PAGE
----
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Occasionally, this aggressiveness got him into hot water. In nine years with the department, Roper survived seven internal investigations for alleged incidents of excessive force, physical abuse, harassment, illegal searches, and use of profanity. All were ruled "inconclusive"--meaning not exactly groundless, but not proven to the satisfaction of internal affairs. In addition, he was counseled or written up four times for infractions. But there is no question that he was a valued and productive member of the gendarmerie, making hundreds of arrests and seizing copious amounts of guns, drugs, and money.
And it is this, Roper insists, that landed him in lock-up. Like Cruiser and Bruiser before him, Roper claims that he's in jail because he was such an effective drug buster that a group of dealers conspired to put him behind bars. In an astounding echo of the earlier scandal, Roper even points to a lawyer--though a different one--as the connection among complainants.
"It's amazing how eight to 10 of the people who testified against me have Frank Perez as an attorney," Roper says. "He had the connections to get this started."
hr style="size: 1px; width: 50%; text-align: centerOne hundred North Central Expressway is the kind of midrise office tower you might drive by every day and barely notice, unless you're a cop. A nondescript, 12-story glass structure, the awkwardly named Rolle-Breeland-Ryan-Landau building straddles most of a city block between Main and Elm streets on the easternmost tip of downtown Dallas, a hundred yards from freeway overpasses and two blocks from police headquarters.
Unlike the main police building, where any shmoe can wander up to any floor, if you walk into 100 North Central during normal business hours, a beefy security guard will ask your business, make you sign in, and escort you up or out. It is here, on the fourth floor, that the 15-member Dallas police Public Integrity Unit is housed.
Like vice or drugs, public integrity is a regular department, but it investigates a special class of people. "Public integrity has jurisdiction over not just police, but all city employees," explains Lt. Ron Waldrop, who oversaw the department from October 1998 until January of this year. "The distinction is, with cops, we police all criminal activity, on or off the job. With other city employees, we only investigate crimes committed on the job." The unit is separate and distinct from the Internal Affairs Division (IAD), the Dallas police unit charged with overseeing the internal process of disciplining officers. Indeed, thanks to court and city attorney rulings, the two departments cannot share information or access each other's files--a bureaucratic bug that weakened DPD's ability to investigate Maples' allegations.
According to Lt. Waldrop, public integrity handles an average of about 170 complaints per year. Thanks to the complexity of their task, the unit's detectives have the lightest workloads in the DPD; Waldrop says they average "about a case per month per person."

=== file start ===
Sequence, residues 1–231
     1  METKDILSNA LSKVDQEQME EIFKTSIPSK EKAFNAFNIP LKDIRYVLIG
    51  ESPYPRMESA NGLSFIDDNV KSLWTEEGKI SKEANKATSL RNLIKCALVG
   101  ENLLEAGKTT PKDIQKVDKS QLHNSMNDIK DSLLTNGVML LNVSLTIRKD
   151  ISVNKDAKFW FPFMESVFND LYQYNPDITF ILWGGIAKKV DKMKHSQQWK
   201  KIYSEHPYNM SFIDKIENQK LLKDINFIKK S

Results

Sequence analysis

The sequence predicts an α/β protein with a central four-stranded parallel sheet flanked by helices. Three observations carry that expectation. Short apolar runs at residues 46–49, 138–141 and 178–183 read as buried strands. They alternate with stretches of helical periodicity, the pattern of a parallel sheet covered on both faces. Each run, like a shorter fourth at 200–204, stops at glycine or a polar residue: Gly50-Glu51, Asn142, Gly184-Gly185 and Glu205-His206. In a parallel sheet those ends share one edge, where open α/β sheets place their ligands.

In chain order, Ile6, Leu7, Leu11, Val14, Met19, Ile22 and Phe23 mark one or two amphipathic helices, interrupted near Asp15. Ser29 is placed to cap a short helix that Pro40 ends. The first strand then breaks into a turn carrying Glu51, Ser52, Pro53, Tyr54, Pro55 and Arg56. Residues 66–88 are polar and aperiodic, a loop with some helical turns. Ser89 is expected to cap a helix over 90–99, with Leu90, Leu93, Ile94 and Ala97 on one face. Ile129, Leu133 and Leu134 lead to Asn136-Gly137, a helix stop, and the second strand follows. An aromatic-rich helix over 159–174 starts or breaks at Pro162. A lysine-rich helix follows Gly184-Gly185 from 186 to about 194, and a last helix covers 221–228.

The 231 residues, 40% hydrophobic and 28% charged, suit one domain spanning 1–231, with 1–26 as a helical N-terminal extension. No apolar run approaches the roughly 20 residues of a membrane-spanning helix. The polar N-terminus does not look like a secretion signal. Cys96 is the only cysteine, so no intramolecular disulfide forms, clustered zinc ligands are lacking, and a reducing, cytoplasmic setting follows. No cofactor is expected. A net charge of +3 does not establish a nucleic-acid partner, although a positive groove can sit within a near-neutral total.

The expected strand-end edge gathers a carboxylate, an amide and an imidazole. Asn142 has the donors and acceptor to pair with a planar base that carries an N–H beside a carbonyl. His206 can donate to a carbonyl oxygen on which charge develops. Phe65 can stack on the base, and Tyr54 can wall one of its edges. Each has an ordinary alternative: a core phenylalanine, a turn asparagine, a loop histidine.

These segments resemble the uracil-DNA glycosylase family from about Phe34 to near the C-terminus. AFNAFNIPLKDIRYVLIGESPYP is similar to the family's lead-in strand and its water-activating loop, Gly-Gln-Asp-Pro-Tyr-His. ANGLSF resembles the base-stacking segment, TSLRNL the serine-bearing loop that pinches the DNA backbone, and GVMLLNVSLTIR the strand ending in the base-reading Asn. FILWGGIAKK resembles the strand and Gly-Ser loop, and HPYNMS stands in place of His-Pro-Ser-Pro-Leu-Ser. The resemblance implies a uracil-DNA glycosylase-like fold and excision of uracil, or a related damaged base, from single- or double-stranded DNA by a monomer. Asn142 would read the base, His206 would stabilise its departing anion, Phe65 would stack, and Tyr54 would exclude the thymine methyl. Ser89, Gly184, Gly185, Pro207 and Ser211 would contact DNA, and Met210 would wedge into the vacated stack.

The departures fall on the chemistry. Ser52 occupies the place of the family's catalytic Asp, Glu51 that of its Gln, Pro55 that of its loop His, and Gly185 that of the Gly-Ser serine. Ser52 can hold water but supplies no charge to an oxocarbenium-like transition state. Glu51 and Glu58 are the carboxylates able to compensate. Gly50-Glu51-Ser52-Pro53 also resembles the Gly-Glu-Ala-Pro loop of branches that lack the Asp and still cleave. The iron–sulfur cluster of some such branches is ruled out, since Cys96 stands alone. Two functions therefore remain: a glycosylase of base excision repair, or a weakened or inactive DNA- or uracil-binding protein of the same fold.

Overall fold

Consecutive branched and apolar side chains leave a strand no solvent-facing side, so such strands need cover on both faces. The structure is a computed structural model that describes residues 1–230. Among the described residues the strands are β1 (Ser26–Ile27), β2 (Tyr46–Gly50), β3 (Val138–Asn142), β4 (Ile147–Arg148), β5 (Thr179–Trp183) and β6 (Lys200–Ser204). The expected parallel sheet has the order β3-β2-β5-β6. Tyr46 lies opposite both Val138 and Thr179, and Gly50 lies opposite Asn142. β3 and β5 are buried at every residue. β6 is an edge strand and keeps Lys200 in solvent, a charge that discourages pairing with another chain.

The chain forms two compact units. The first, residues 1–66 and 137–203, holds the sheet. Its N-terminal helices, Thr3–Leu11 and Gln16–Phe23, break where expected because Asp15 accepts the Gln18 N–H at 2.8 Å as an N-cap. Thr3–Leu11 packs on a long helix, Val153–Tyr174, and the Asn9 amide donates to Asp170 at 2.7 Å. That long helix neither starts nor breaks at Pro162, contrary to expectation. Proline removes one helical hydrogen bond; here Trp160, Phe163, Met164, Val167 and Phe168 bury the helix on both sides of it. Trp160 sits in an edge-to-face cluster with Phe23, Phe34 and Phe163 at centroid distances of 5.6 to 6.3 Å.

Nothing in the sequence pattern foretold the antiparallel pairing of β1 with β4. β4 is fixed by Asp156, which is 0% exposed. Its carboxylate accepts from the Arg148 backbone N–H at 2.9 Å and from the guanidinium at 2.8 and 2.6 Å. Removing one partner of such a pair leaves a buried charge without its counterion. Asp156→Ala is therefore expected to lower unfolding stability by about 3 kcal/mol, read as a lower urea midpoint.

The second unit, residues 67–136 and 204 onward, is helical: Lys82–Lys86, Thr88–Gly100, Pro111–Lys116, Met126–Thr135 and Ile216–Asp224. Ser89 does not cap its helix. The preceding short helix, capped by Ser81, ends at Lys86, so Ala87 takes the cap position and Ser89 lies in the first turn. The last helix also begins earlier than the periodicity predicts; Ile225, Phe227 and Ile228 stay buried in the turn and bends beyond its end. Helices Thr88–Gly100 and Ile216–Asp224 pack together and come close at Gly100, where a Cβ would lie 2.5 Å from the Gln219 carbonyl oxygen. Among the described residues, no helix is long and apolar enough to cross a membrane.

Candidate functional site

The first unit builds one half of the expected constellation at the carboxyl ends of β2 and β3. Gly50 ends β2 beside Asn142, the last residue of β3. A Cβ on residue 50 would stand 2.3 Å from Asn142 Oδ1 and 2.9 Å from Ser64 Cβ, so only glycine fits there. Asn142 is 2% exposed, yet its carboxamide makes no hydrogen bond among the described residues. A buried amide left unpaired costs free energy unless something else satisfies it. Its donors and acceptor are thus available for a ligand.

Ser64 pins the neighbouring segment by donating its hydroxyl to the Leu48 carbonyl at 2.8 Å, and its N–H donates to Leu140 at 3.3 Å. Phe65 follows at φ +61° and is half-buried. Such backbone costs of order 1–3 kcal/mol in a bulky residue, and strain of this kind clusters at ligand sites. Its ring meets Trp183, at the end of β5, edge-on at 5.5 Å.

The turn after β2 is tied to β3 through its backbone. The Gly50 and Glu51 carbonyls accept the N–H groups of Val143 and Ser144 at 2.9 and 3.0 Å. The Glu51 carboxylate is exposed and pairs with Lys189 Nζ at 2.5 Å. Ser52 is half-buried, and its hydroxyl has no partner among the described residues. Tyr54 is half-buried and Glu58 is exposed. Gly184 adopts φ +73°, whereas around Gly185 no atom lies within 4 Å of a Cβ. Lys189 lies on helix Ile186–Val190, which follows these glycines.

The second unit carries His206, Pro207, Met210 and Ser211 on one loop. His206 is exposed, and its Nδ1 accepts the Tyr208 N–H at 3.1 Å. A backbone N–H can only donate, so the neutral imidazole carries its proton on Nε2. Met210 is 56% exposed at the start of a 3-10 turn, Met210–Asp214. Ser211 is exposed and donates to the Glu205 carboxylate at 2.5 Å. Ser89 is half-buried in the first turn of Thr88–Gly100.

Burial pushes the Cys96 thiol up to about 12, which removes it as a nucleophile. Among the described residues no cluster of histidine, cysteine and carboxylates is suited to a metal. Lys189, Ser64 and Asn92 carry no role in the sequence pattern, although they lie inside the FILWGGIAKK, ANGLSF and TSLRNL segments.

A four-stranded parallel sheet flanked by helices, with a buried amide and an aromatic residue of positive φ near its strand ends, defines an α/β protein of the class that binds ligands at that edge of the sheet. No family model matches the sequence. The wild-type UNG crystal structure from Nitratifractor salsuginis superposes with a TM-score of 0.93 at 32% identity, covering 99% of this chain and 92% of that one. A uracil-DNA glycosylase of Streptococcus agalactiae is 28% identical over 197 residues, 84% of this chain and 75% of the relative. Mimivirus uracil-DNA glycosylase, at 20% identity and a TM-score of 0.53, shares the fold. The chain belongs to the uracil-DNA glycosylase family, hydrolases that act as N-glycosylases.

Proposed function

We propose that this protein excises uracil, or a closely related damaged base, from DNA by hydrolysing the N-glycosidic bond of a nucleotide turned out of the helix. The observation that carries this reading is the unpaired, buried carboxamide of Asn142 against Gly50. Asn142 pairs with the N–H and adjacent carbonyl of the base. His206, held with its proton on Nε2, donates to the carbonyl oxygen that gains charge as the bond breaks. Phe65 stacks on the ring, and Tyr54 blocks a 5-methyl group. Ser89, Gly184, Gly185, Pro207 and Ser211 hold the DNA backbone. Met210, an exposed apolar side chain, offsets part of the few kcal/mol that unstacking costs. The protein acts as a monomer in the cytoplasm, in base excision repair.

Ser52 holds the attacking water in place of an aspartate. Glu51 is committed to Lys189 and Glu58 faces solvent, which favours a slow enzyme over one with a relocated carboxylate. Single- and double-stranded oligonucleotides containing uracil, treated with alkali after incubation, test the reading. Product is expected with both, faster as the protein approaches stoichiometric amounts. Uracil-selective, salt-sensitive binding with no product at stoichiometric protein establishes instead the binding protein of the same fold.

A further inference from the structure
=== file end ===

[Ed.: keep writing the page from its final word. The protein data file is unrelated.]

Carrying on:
"These investigations are very difficult," Waldrop says. "They require a lot of nontraditional techniques." Among their repertoire is the "integrity check"--in other words, a sting, using undercover officers borrowed from another police force, designed to catch cops doing wrong.
Not surprisingly, public integrity detectives aren't always beloved. "Officers who work public integrity, like DAs who work public integrity, are universally vilified," explains Assistant District Attorney Eric Mountin. This January, Mountin, a lanky, gravel-voiced ex-FBI agent, moved to Dallas to head the Dallas County district attorney's public integrity unit, which, among its other duties, prosecutes cases brought to them by DPD's public integrity squad.
"When I decided to take this job," Mountin recalls, "my roommate ragged me. 'Man, you're gonna be putting cops away. You're a rat.'" Mountin understands; being a policeman, he knows, is a stressful, underpaid, thankless job. "There's a running joke--if you want to be loved, be a fireman. So it's not really surprising that cops have an us-versus-them mentality. It's the blue wall. And of course, since kindergarten, nobody likes a snitch."
For what it's worth, Roper is partially right about how the case got started. In January 1998, public integrity detective Bill Sanders got a call from Frank Perez, a former narcotics detective who went to law school in the early '90s and now specializes in defending drug dealers. Perez had just taken over a trio of related drug cases, among them the case of a woman named Sandra Rodriguez, who had been charged with possession of a kilo of cocaine.
One month earlier, in December 1997, Roper, chasing dope by himself, had arrested Rodriguez. By the time backup officers arrived, Rodriguez, who spoke little English, was cuffed and sitting in Roper's car. Perez's complaint wasn't the bust; his client was guilty, and he knew it. (She was later convicted on federal drug charges.) The problem, Perez told Detective Sanders, was that on the night she was arrested, Rodriguez had been carrying $11,000 cash in her pockets, money that Roper had stolen. Perez also said that within a two-month period, Roper had stolen money from two of his other drug-dealing clients, Josie Rodriguez and Luis Heredia. (The cases against Rodriguez and Heredia were subsequently dropped.)
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